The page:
I would normally give away my old clothes when I didn't need them anymore. Or I would donate to charity, but mainly at the end of the financial year, when spare cash is available and I could look forward to reducing my tax!
Mother Theresa said: "Giving is not giving unless you need it."
I guess I wasn't 'giving' then! Because I didn't need those clothes or cash when I gave them.
Faith puts 'giving' into a new perspective! I realised that what has been entrusted to me has never really been mine. It is just lent to me (us) in this life. In fact, I am given a life-long test when it comes to 'giving'.
In Luke 16:19-31, the story of the Rich Man and Lazarus explains this life-long test very well. The Rich Man saw Lazarus begging at his door and did nothing. Even dogs took pity on Lazarus but the Rich Man ignored him. In this life, Lazarus wasn't dealt the best hand. He was sick and poverty-stricken. Yet, in the next life he was rewarded for his suffering. On the other hand, the Rich Man did not take any of his wealth or the pleasures it could buy to the hereafter! The situation was reversed and he had to beg.
Faith turns the normal way upside down. What used to be extremely confusing starts to make sense.
When I became aware that my life has purpose and are part of God's plan for me, every day starts to have a very specific taste, a special fragrance, its own unique music. Each day becomes a blessing and another opportunity to feel God's unbelievable Love. His Love is real for me (and each and every one of us), no matter who we are, no matter where we live.
Whether we feel we deserve it or not, it is there anyway. God's love is unconditional.
We do nothing to deserve it. It is pure Grace.
Along with the words Truth, Spirit, Righteousness, Love, Life, Joy and Faith, Grace is one of the most frequently-mentioned concepts in the Bible: nearly 150 times in the New Testament alone. Paul was responsible for about 100 of these.
In the New Testament it is the translation of the Greek word charis which is the origin of the word 'charity'. In the Old Testament, Grace is a translation of a Hebrew word root meaning favour.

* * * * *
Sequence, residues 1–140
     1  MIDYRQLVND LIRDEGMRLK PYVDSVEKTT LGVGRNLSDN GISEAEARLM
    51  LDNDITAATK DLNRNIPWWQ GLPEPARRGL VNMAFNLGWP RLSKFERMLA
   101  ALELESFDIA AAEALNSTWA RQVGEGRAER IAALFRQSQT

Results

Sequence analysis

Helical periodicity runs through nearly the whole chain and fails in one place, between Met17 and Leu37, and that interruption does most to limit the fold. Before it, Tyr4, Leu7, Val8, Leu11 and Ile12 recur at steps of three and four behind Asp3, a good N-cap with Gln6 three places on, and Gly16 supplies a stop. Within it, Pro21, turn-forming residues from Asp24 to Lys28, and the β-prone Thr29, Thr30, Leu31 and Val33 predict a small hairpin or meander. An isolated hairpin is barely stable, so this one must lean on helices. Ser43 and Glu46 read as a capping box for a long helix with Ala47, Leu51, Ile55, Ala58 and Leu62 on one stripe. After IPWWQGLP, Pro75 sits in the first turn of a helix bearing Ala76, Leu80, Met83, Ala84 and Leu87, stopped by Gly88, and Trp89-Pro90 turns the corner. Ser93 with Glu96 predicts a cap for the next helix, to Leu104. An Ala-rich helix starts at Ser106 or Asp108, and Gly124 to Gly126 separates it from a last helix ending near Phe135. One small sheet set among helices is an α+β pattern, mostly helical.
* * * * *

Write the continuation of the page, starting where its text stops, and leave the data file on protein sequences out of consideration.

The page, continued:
Historically, Grace has been an issue dividing Christians. According to theologian Charles C. Ryrie, Grace is "the watershed that divides Catholicism from Protestantism". Many Catholics believe that Grace can only come through the sacraments whereas most Protestants do not.
One of the most crucial disagreements within the Catholic Church which resulted in the Protestant Reformation was over Grace. Pope Clement VI, in the fourteenth century, decreed that believers could increase their store of sanctified grace by acts of piety. In other words, they could buy their way into Heaven!
One of the most common of these acts of piety was indulgences. Believers could pay an indulgence to the Church to see artefacts or remains of saints or to have their sins blotted out!
It seemed that the Roman Church had a treasury full of grace which was more than enough to get God's faithful servants to Heaven. Ironically, Grace didn't come free. God might have given it free to the Church but it was only to be dispensed under special conditions. The Roman Church of the time was willing to exchange their surplus of grace for earthly gold!
When I (we) act as if I (we) need to do something to 'earn' God's favour, we behave in just the same way. When we try to bargain with God for his love, when we promise to do something for him 'if only' he'll do something for us, we act just like that money-minded Pope.
Grace comes from God; it is most evident when he saves us. Once God has touched us with the offer of the gift of salvation, we have – like the Rich Man in the story of Lazarus – only limited opportunities to accept or reject it.
Romans 10:18 - "But I say, have they not heard? Yes verily, their sound went into all the earth, and their words unto the end of world."